Glasgow Cathedral

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The first stone built Glasgow Cathedral was dedicated in the presence of King David I in 1136. The present building was consecrated in 1197. Since that same period the Cathedral has never been unroofed and the worship of God has been carried out within its walls for more than 800 years.

The splendid achievements of the architects and builders of those far off days can be studied and admired. Not everything, however, is old and the Cathedral has one of the finest post-war collections of stained glass windows to be found in Britain.

The Cathedral has a regular and active congregation, and no visitor should leave the city without making a visit.

Unusually, the church is Crown property and is cared for by Historic Scotland on behalf of Scottish Ministers. Historic Scotland have written a souvenir guidebook, and provide expert interpretation to help bring the medieval Cathedral to life – after all, this is the best preserved example of a large church to have survived from the medieval period in Scotland.

The Douglas connections:

Hugh Douglas 'The Dull' was a priest at Glasgow Cathedral.

Archibald Douglas was a minister there 1571-1593.

Bishop Muirhead confirmed a Charter, dated 29th January, 1472-73, whereby James Douglas of Auchincassil founded a chaplainry of £10, with a chaplain thereof, within the Cathedral Church of Glasgow, on the south side of the nave, at the altar of St. Cuthbert. (Full details in the biography)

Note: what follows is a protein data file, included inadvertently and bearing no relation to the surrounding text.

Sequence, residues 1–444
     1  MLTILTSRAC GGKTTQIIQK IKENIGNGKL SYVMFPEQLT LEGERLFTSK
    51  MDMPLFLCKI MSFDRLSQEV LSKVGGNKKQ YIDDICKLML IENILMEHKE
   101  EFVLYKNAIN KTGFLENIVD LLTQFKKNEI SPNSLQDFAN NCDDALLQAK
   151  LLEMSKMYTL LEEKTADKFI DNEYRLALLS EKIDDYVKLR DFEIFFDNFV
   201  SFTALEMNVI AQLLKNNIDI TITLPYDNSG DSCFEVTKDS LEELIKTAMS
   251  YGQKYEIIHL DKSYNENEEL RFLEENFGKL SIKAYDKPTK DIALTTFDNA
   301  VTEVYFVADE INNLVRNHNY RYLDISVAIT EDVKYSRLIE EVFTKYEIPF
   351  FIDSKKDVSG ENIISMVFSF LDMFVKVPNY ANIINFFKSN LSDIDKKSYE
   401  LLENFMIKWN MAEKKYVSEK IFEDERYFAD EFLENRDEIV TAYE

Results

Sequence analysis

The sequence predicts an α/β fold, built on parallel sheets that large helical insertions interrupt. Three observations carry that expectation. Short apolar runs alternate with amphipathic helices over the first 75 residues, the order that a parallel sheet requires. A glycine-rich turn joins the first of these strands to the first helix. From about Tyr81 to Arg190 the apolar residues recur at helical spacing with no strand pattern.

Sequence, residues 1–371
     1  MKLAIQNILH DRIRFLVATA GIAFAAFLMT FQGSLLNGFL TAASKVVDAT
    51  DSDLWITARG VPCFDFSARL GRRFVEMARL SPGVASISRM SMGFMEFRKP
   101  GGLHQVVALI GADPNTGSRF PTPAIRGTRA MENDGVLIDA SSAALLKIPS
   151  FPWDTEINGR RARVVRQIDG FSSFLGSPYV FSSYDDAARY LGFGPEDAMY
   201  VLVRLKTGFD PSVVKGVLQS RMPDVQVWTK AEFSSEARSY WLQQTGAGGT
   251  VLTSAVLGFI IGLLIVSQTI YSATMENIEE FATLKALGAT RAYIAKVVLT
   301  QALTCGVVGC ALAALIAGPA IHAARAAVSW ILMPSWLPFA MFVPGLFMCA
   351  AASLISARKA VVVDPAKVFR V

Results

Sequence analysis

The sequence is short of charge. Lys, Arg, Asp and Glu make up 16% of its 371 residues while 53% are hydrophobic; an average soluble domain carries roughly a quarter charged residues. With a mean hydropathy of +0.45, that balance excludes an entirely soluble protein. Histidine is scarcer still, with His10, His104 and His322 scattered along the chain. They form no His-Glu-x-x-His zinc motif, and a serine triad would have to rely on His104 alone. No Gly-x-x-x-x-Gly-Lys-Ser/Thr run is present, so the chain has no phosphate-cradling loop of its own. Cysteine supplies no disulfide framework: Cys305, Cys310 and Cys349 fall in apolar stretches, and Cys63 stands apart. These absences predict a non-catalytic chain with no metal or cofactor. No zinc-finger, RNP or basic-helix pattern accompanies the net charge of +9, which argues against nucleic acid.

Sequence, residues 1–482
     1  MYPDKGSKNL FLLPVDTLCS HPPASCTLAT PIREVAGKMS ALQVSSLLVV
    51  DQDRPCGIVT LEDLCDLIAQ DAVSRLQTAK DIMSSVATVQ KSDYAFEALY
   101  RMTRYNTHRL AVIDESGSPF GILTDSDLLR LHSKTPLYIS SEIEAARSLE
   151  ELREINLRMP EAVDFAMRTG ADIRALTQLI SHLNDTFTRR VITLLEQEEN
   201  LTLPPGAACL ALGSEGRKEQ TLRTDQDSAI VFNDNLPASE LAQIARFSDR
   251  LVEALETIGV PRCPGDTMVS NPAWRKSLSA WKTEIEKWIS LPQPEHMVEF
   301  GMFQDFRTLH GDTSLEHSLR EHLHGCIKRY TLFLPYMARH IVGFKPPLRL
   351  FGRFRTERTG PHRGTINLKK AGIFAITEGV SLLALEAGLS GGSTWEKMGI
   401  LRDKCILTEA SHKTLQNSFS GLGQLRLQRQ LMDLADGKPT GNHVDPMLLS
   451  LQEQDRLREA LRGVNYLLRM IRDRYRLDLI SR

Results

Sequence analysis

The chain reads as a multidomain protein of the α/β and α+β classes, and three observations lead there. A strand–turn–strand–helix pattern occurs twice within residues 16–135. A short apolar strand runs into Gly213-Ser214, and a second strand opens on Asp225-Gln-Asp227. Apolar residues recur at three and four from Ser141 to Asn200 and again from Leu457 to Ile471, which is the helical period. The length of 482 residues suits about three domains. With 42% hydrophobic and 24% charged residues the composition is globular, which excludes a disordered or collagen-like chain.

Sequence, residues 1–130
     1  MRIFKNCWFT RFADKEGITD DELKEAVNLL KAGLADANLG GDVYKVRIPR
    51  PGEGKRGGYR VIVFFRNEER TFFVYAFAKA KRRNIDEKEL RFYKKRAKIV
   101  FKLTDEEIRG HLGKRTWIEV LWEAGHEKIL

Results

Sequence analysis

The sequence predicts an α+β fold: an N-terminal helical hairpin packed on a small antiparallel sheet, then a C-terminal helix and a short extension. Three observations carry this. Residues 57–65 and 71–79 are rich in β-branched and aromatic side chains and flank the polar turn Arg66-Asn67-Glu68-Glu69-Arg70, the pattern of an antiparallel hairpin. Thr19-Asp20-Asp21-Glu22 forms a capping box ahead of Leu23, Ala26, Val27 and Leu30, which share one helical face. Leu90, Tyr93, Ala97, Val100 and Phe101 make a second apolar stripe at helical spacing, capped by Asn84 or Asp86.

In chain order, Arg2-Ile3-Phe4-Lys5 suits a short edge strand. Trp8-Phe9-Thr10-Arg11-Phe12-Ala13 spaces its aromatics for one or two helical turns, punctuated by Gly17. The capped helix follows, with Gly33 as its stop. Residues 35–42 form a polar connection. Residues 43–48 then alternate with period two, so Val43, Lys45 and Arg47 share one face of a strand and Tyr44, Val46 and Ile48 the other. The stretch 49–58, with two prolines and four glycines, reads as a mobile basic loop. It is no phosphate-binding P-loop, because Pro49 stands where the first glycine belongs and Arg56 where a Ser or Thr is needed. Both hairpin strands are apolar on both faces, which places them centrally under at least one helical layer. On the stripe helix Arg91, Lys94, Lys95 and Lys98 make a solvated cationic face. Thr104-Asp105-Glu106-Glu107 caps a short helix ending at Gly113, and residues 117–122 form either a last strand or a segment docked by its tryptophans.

When fire damaged Glasgow Cathedral, it was the Earl of Douglas who underwrote much of the reconstruction. (?1400, so 3rd or 4th Earl)

Cecilia Douglas, described as the 'Grande dame of Glasgow' was the only surviving daughter of John Douglas, merchant in Glasgow, and sister of General Sir Neil Douglas and of 6 other brothers, members of the once well known firm of John Thomas and Archibald Douglas, the last survivor of whom was the late Thomas Dunlop Douglas of Dunlop. Married Gilbert Douglas 1794: widowed 1807. The Orbiston estate was the creation of Cecilia Douglas from the estates she inherited of Douglas Park and Boggs, to which she added by purchase. She survived her husband 55 years, and died at Douglas Park, or Orbiston house as she latterly called it, in July 1862 aged 91. She was the last survivor of the original nominees on the Tontine buildings at the Cross. Mrs Douglas left a large fortune, and a fine collection of paintings and sculptures, which she made during her extended residence in Italy and which was presented to the Corporation of Glasgow (who deposited them in their Galleries in Sauchiehall Street) in accordance with her direction to deposit it 'in some public institution in Scotland'. She also gave a large window to the Cathedral in Glasgow."

Other stained glass windows were gifted by the Duke of Hamilton and Lord Belhaven amongst others.

Amongst the memorial plaques is one to Lt Col Jeffray Douglas and all those of the 5th Battalion the Cameronians who fell in the Great War.

The beautiful Major Archibald Douglas Monteath Mausoleum is located in he adjacent Glasgow Necropolis.


In October 1938, Prunella Stack 'delighted everyone, the press in particular', by marrying Lord David Douglas-Hamilton, son of the 13th Duke of Hamilton, in Glasgow Cathedral which was attended by a thousand friends, family, Women’s League of Health and Beauty teachers and members. Sadly, only 6 years later he was killed while serving with the Royal Air Force.



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Last modified: Saturday, 18 March 2017